On April 8th New MLA of Last Mountain Touchwood, Travis Keisig, rose in the legislature, providing his response to the 2021 budget.
Born in Balcarres, a farmer and a welder by trade, Keisig decided to formally enter the political realm after his youngest child had been accepted into University around the same time long-serving MLA Glen Hart announced his retirement. Keisig ran and became the Saskatchewan Party candidate after a contested nomination in January of 2020.
Keisig’s wife Sheila is the Administrator for the Rural Municipality of Tullymet and Vice President of the Rural Municipal Administrators’ Association of Saskatchewan. They have two daughters, Shannara and Sharlize. Shannara is enrolled in the Continuing Care Aid program at Sask Polytechnic, working part-time in the community of Strasbourg at the Last Mountain Pioneer Home. Like many young people, COVID has changed career and education plans, and his daughter Sharlize works in Regina at a veterinary clinic. She will be going to school in the fall to further her education in that field.
Keisig first became interested in politics around the carbon tax debate. “It’s an unfair tax that disproportionately affects rural people. It disproportionately affects Saskatchewan people. It doesn’t do anything. If in your heart and soul you believe this is going to change the environment, the data doesn’t show that. British Columbia has had a carbon tax for almost 8 or 9 years and their emissions have done nothing but go up. The statistics show that. The Supreme Court has ruled, they are the ultimate voice in Canada. We are [devising] a plan on how we are going to deal with it, it’s still in the works but it will have to be implemented in some way in the future.”
Living in Shaunavon for a period, Keisig worked for an oil field construction firm before starting his own small business providing mobile welding services. Keisig said the oil field has been very good to him and that the resource sector is hurting. “You can’t touch one manufactured product in your house without having some influence of hydrocarbons. It’s so rampantly used in the manufacturing process, it’s critical for our transportation. It’s an integral part of today’s society. As much as certain governments think you can tax it out of existence, it’s not feasible.”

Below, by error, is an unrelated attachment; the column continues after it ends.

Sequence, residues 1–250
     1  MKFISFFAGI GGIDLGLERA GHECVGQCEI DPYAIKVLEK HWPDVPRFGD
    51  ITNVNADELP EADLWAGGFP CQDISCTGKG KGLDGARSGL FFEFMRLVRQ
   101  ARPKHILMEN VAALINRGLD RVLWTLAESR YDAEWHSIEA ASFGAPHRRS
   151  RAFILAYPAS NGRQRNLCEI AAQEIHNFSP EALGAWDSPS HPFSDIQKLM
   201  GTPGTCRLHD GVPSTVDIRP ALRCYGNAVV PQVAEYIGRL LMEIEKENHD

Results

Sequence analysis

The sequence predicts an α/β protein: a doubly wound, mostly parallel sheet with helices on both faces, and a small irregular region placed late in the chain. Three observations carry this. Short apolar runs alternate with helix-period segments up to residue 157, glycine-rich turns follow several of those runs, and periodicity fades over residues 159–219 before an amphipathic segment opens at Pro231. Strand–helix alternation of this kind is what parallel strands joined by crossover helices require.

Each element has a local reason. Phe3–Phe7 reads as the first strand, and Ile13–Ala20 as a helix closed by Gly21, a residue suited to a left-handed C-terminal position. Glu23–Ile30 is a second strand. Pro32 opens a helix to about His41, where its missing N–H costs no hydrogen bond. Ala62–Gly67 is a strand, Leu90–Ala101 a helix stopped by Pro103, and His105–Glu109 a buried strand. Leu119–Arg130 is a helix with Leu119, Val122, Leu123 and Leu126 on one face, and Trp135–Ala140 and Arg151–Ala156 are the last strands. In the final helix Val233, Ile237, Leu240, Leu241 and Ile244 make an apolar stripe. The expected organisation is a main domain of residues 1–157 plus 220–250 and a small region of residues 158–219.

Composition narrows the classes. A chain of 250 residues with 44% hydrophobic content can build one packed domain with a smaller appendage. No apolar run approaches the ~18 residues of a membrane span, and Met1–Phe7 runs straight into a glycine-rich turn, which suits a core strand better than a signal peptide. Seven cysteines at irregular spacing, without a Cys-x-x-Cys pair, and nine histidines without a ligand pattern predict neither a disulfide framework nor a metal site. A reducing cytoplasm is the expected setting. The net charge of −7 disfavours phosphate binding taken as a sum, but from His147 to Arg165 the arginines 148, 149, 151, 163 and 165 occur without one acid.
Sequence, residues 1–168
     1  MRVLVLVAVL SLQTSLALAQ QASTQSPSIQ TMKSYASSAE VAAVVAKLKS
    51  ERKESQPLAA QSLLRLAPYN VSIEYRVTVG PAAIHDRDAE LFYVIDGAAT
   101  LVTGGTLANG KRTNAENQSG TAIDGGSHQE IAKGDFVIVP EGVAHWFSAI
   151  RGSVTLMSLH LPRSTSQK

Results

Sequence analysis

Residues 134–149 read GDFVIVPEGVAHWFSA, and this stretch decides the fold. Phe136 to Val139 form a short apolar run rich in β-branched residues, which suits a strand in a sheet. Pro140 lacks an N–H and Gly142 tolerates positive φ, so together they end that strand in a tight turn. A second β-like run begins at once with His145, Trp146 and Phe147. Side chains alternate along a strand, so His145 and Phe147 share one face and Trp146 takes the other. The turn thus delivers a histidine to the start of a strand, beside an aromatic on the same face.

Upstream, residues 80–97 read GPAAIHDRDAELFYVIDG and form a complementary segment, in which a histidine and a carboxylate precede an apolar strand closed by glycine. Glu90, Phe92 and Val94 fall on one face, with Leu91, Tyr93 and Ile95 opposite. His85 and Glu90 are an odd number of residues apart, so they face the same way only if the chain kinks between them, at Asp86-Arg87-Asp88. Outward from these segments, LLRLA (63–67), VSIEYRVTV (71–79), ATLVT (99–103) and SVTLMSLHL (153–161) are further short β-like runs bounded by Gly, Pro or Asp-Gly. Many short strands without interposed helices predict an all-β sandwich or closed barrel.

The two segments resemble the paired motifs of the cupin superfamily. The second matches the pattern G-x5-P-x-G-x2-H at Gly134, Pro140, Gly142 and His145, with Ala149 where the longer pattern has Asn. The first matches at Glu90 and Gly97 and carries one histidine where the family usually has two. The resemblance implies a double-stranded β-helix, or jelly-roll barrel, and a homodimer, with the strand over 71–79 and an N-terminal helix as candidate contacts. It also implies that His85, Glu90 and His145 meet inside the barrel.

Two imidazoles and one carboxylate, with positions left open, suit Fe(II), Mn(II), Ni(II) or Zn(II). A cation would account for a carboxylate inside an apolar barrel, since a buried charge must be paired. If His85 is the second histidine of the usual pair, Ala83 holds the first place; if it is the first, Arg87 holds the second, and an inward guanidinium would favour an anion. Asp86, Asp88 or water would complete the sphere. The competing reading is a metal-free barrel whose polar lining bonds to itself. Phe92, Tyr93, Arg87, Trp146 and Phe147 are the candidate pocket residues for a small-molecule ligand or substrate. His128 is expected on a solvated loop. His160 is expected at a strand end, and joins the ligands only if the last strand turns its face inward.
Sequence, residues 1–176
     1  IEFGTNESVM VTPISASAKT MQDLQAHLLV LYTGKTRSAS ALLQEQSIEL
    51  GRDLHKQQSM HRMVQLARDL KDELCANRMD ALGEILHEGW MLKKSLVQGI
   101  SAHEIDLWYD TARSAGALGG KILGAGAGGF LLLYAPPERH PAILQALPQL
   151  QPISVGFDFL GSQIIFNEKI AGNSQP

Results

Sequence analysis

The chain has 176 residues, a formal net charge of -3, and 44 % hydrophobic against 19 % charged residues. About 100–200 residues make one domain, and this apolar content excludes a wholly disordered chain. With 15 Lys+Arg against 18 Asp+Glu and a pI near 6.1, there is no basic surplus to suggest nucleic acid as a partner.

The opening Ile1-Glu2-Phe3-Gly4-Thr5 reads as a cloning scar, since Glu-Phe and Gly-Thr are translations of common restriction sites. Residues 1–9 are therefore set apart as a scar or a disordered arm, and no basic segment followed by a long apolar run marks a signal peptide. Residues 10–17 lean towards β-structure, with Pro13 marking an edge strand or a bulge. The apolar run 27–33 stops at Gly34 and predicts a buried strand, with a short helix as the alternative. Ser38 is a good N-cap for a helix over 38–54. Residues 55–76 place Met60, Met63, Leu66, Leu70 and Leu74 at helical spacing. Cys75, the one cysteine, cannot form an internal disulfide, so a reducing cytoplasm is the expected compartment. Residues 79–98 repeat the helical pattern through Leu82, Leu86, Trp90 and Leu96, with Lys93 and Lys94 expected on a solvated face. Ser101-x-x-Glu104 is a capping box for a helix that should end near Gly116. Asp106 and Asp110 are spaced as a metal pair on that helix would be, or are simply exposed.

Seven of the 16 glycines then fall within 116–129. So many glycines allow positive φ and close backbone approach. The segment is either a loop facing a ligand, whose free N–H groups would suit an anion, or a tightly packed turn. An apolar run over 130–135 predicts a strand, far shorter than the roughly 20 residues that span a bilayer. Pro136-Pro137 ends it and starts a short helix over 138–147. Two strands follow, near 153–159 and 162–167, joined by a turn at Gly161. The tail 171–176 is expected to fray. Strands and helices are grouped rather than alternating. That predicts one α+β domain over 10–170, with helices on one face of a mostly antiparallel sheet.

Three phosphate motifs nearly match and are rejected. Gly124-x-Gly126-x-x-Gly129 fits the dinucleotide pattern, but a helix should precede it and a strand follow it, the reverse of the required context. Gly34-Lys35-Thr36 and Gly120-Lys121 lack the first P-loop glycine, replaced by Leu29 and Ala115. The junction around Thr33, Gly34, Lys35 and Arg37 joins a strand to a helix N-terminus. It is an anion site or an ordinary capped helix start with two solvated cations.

In the budget, the Government announced that SGI would collect effective October 1st, 2021, a $150 annual tax on electric vehicles (EV). The tax will go toward road maintenance.
“I am 100% in support of it. There is 15 cents from every litre of gasoline that we purchase as individuals that goes toward road maintenance… If you want to buy an electric car absolutely, go right ahead. There is nothing wrong with that… but governments have to have a vision, how do we fund our highway repairs.” Keisig gave an example that if most people switched to EV’s, it would be a considerable loss in funding highway repairs, and the loss of a revenue stream would be devastating.
“Realistically we never have enough for highway repairs. Small population, massive geography and our Government has always tried to make highway infrastructure as high as a priority as possible.”
“All of Saskatchewan people have always committed to paying their fair share. They have never shirked their duties and this provides all electric car owners an opportunity to do that.”
Keisig said there are 407 electric cars in Saskatchewan, and the fee will raise $63,000.
Keisig said the experience of becoming an MLA has been overwhelming as there is so much to learn. He noted that new MLA’s are partnered with veteran MLA’s who teach the nuances of public service. “I was very fortunate to be partnered with my neighbour Don McMorris. A very well respected man in caucus and very experienced in the political realm. His guidance and assistance has been tremendous. There are 12 new MLA’s in the Saskatchewan party, which is nearly ¼ of the caucus. There’s a lot of new ideas and some of my new colleagues. I have to give them a ton of credit. They are absolutely fearless. They will speak up in caucus meetings and bring forward their points of view. Many decisions this Government makes is caucus driven and it’s important every voter knows that their votes matter, that their representatives matter.”